FAMINE MEMORIAL AT CUSTOM HOUSE QUAY

Street Photography By William Murphy

FAMINE MEMORIAL AT CUSTOM HOUSE QUAY

Public art is successful if it makes people stop, look and think and on that basis this work by Rowan Gillespie is a huge success.

Today when I visited there was a large number of young American tourists there and their guide was telling them about the "Irish Potato Famine". Americans refer to it as the "Irish Potato Famine" while we in Ireland to it as the "Famine" or the "Great famine"

Rowan Fergus Meredith Gillespie (born 1953) is an Irish bronze casting sculptor of international renown. Born in Dublin to Irish parents, Gillespie spent his formative years in Cyprus.

The Irish Famine and subsequent catastrophic migration has motivated two major works by Gillespie, and so it must be said that the portrayal of Famine, is a major theme of the artist's work. In several of his site specific pieces, such as Famine (1997) on the Custom House Quay in Dublin, his life-sized human figures are emaciated and haunting.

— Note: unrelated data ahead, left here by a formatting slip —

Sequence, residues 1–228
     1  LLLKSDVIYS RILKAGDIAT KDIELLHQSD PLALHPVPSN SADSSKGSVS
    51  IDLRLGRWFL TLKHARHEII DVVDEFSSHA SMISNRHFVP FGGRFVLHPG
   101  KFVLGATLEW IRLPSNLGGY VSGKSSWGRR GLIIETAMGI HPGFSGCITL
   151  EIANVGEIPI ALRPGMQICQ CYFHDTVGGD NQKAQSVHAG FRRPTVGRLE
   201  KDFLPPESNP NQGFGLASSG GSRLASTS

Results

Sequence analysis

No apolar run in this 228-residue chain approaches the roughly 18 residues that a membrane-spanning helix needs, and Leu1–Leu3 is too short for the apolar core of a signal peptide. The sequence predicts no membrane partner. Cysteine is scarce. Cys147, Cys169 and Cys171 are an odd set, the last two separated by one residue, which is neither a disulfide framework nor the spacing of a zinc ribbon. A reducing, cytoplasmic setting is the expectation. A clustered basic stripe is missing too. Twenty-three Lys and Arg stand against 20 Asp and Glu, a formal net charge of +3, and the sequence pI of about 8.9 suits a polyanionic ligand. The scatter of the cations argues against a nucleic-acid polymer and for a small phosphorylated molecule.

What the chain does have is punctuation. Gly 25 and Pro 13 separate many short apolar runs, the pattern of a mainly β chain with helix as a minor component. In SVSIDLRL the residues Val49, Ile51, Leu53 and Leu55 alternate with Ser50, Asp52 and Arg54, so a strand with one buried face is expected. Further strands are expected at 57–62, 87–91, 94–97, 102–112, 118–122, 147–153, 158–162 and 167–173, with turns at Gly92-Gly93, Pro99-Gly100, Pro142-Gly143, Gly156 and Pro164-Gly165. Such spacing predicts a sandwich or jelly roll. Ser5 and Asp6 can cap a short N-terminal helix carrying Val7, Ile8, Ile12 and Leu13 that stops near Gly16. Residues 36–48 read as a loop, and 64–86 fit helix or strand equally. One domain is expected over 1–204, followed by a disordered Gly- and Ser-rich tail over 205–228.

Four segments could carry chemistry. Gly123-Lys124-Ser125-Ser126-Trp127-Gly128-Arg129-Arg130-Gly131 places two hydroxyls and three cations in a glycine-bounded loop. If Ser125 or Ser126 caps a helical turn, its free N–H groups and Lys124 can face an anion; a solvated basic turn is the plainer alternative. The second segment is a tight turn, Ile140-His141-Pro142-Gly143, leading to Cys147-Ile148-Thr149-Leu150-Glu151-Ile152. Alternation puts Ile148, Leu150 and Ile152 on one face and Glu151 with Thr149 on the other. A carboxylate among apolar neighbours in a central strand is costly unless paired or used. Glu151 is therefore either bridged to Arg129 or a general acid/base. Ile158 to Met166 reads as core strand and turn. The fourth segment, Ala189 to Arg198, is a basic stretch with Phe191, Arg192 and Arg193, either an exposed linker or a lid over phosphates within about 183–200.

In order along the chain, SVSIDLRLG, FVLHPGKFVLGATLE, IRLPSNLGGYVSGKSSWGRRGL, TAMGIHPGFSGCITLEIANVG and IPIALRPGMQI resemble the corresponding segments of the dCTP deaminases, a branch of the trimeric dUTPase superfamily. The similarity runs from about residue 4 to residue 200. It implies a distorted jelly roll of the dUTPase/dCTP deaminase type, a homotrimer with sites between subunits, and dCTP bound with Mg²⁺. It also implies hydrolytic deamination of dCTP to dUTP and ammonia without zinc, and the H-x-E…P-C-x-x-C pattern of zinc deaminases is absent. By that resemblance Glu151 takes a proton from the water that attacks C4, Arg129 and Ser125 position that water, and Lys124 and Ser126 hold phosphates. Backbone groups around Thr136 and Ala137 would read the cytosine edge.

In June 2007, a series of statues by Gillespie was unveiled by President Mary McAleese on the quayside in Toronto's Ireland Park.


In Ireland, the Great Famine was a period of mass starvation, disease and emigration between 1845 and 1852.

During the Famine approximately 1 million people died and a million more emigrated from Ireland, causing the country's population to fall by between 20% and 25%. The cause of famine was a potato disease commonly known as potato blight. Although blight ravaged potato crops throughout Europe during the 1840s, the impact and human cost in Ireland — where one-third of the population was entirely dependent on the potato for food—was exacerbated by a host of political, social and economic factors which remain the subject of historical debate.

The famine was a watershed in the history of Ireland. Its effects permanently changed the island's demographic, political and cultural landscape. For both the native Irish and those in the resulting diaspora, the famine entered folk memoryand became a rallying point for various nationalist movements. Modern historians regard it as a dividing line in the Irish historical narrative, referring to the preceding period of Irish history as "pre-Famine".
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